The Squire and his factotum, the ever-obliging Third Man, made their way to Bath this weekend. The Squire was keen to lend his name and good lordship, to a campaign against Bath and North East Somerset Council’s intention to charge admission to the Victoria Art Gallery.
“We must do what we can, TM.”
Their signatures added to the petition, the travellers took advantage of free entrance into the first museum show for 22 years of one of the UK’s major photographers, Roger Mayne.
The image above, was taken in Addison Place, North Kensington, London, W11, 1956.
“Do you think Mayne appreciated the serendipity of capturing a sweep shot against the background of the sweep shop?” mused the Squire.
The photographer introduces his web site with a quote he gave to Peace News in 1960, ‘Photography involves two main distortions – the simplification into black and white and the seizing of an instant in time. It is this particular mixture of reality and unreality, and the photographer’s power to select, that makes it possible for photography to be an art. Whether it is good art depends on the power and truth of the artist’s statement.’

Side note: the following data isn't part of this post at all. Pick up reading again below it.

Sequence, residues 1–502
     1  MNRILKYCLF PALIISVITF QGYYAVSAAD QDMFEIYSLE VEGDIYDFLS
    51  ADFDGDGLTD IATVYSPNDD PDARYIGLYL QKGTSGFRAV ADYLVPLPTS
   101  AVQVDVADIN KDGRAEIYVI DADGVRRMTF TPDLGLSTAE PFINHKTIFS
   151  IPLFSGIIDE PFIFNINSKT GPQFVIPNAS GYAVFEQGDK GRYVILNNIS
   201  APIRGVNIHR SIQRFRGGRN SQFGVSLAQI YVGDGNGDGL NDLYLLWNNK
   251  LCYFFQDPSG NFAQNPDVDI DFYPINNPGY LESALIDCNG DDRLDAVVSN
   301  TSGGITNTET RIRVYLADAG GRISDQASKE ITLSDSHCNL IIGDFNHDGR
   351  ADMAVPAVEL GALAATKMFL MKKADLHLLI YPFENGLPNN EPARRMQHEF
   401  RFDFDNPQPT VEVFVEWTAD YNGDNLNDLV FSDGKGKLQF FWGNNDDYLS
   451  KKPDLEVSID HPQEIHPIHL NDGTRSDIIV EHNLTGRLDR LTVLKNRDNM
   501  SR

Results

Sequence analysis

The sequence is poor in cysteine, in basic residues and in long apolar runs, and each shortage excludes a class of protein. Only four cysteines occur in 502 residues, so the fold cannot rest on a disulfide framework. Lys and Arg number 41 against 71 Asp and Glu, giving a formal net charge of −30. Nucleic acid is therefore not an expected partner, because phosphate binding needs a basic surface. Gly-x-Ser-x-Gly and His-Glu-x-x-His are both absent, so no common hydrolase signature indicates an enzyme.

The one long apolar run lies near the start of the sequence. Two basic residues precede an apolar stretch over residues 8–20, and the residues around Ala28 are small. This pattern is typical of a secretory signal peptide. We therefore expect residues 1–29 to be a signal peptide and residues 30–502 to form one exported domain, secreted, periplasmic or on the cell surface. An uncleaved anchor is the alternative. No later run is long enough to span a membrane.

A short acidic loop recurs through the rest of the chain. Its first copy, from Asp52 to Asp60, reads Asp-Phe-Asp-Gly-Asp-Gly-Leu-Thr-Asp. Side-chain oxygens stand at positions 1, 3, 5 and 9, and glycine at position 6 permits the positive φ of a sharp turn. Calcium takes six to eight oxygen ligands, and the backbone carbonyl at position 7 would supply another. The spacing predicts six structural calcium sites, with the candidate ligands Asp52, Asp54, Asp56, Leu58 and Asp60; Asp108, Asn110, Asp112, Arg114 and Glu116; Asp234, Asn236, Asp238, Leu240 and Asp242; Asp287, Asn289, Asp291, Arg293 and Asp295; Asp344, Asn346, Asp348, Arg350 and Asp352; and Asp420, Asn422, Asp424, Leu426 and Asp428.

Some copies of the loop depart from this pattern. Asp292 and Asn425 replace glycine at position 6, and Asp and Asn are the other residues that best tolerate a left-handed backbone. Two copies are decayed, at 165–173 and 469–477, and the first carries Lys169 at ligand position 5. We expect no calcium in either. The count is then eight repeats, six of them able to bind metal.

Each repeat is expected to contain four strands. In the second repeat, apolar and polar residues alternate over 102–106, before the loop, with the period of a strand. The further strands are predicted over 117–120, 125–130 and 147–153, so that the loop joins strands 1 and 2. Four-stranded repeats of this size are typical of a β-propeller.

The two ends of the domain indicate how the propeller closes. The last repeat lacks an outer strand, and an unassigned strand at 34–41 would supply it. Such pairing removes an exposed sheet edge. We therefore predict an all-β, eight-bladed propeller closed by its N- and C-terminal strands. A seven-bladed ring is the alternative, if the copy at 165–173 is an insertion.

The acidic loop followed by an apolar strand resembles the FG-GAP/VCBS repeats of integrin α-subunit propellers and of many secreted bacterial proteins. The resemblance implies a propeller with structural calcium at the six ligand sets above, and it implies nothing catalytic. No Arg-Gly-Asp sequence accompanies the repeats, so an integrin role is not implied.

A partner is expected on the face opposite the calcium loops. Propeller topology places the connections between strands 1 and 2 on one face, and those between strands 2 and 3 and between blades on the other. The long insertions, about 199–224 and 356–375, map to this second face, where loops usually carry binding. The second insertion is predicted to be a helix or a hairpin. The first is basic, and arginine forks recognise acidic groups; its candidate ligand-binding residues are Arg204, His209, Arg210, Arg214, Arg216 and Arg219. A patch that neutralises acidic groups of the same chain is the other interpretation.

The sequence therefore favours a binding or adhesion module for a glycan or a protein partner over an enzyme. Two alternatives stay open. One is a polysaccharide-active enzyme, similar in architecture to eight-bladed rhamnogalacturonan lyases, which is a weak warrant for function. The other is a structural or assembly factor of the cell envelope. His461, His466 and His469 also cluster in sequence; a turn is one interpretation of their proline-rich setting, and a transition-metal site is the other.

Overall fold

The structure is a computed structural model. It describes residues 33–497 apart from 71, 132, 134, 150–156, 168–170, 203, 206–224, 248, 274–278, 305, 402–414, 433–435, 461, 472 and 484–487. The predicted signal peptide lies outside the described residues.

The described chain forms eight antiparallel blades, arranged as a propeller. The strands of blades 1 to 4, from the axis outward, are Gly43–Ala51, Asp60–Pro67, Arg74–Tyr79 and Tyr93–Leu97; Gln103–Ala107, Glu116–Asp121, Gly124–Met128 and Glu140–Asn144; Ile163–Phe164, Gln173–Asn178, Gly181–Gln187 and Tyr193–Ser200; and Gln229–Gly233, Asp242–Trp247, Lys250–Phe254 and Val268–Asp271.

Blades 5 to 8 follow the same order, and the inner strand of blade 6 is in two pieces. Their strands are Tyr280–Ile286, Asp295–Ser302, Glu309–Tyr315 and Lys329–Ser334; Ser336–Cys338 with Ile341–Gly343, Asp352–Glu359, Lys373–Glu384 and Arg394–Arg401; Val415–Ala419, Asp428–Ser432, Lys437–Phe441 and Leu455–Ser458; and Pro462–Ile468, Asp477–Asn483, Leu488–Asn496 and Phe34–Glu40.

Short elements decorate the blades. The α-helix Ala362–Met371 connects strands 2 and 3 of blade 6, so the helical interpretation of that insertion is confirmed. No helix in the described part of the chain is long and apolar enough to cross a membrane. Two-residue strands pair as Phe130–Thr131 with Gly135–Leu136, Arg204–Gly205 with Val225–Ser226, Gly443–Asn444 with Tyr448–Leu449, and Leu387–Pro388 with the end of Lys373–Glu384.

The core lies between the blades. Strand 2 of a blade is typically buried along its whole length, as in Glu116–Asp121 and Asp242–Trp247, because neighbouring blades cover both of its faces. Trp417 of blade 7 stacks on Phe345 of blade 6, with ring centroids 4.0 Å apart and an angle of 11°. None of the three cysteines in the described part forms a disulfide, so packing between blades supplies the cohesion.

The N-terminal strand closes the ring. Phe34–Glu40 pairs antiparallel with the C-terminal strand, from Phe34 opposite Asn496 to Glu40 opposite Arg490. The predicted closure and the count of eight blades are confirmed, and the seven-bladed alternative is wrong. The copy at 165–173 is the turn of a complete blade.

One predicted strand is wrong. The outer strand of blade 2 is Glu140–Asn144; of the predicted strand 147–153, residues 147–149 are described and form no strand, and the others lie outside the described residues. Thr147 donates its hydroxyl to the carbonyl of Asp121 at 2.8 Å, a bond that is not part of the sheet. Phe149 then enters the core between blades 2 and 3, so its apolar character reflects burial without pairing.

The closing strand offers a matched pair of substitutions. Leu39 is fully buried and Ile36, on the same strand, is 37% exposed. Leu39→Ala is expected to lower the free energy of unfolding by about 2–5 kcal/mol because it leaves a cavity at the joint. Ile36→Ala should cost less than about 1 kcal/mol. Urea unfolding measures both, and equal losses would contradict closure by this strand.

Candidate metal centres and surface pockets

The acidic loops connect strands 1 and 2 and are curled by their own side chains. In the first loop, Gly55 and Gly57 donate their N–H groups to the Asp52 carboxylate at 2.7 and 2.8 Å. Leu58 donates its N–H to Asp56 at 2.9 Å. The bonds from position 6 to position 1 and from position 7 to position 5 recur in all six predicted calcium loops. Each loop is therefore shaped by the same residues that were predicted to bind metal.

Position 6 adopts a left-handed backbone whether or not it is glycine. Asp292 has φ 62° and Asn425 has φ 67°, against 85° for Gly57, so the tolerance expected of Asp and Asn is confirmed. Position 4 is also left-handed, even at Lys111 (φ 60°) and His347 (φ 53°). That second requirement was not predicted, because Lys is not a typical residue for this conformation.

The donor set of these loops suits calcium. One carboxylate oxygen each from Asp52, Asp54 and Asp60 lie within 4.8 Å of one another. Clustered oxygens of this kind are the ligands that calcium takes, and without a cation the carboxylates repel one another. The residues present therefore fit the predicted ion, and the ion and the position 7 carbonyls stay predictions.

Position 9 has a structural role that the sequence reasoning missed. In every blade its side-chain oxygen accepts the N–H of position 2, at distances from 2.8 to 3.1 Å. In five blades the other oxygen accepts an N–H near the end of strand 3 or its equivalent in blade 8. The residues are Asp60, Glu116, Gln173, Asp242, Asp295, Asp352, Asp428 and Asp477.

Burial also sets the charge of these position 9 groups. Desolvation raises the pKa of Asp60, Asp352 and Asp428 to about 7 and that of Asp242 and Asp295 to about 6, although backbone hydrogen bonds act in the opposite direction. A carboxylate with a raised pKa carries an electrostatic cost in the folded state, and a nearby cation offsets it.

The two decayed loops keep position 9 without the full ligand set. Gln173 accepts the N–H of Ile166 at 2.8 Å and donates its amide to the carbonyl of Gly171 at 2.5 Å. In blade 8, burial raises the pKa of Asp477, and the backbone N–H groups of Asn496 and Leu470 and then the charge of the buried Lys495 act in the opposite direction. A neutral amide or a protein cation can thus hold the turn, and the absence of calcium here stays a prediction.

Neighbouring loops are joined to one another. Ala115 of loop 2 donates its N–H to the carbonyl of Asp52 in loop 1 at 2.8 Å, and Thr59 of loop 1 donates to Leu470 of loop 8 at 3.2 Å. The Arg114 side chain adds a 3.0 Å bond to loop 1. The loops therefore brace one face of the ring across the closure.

A post card of a very particular young man; neat of sock, precise of grip, full of concentration, brought to mind ‘Hope of His Side’.
The reverse of the card identifies it as ‘Boy with a Bat, Wapping. 1959’, but the website suggests it was taken in Addison Place, again, in 1957.
And here is a very modern shot in both senses. It is taken in Clarendon Crescent W2, just before its demolition in a slum clearance scheme. A year or two earlier it had featured as a setting for a car chase in The Blue Lamp.
And finally, an image that begins to do justice to the mastery of the exposure of the prints on show; fielders awaiting a sky-er.
“Bet they had to retrieve that one from a roof top, TM”
Look down you Jilted Generation on these baby-boomers.
* H.T. Cartier-Bresson who in his book Images à la sauvette quoted the agitator Cardinal Retz, “There is nothing in this world that does not have a decisive moment”.
A catalogue with an essay by Ann Jellicoe is available with the exhibition (£6.50 plus p&p) and there are ‘vintage’ prints for sale.